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Milton Stover Eisenhower

Eisenhower, Milton Stover, 1899–1985, American educator and public official, b. Abilene, Kans., grad. Kansas State College of Agriculture and Applied Science (now Kansas State Univ.), 1924; brother of Dwight David Eisenhower. After a brief teaching career, he served in the Foreign Service and the Agriculture Department. In 1942 he was asked to direct the relocation of Japanese-Americans in California. In 1943 he became president of his alma mater. He was later president of Pennsylvania State Univ. (1950–56) and of Johns Hopkins (1956–67, 1969–70). He served as a close adviser to his brother on foreign policy, most notably as special ambassador for Latin American affairs (1957–60). In 1968–69 he was chairman of the National Commission on the Causes and Prevention of Violence. His book The Wine Is Bitter (1963) describes his experiences in Latin America; The President Is Calling (1973) distills his thoughts on political compromise and the responsibilities of leadership.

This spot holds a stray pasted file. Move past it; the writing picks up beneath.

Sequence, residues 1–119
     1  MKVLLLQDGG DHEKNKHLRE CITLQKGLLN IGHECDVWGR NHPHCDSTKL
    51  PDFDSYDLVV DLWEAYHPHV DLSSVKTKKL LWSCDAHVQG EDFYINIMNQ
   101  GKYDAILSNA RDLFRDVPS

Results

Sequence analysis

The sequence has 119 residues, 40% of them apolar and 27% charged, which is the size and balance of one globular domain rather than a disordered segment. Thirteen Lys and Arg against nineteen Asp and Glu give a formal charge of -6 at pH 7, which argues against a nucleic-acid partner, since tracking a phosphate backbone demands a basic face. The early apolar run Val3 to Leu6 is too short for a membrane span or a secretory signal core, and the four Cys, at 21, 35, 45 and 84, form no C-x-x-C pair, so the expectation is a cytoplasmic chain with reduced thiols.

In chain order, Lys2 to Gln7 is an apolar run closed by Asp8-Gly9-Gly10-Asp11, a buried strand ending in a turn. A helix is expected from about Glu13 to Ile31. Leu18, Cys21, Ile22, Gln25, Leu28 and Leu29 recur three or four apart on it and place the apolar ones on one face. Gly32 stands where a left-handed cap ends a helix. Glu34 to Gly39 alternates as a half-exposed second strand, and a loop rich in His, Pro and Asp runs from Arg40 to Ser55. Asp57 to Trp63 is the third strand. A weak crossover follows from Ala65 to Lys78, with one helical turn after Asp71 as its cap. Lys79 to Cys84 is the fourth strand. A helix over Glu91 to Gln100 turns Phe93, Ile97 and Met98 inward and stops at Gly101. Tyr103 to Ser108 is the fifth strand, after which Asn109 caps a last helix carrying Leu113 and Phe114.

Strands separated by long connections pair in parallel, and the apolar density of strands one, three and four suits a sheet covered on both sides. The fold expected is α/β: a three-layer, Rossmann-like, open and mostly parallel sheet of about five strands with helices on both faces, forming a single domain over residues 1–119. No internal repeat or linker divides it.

See biography by S. E. Ambrose and R. H. Immerman (1983).

The Columbia Electronic Encyclopedia, 6th ed. Copyright © 2012, Columbia University Press. All rights reserved.

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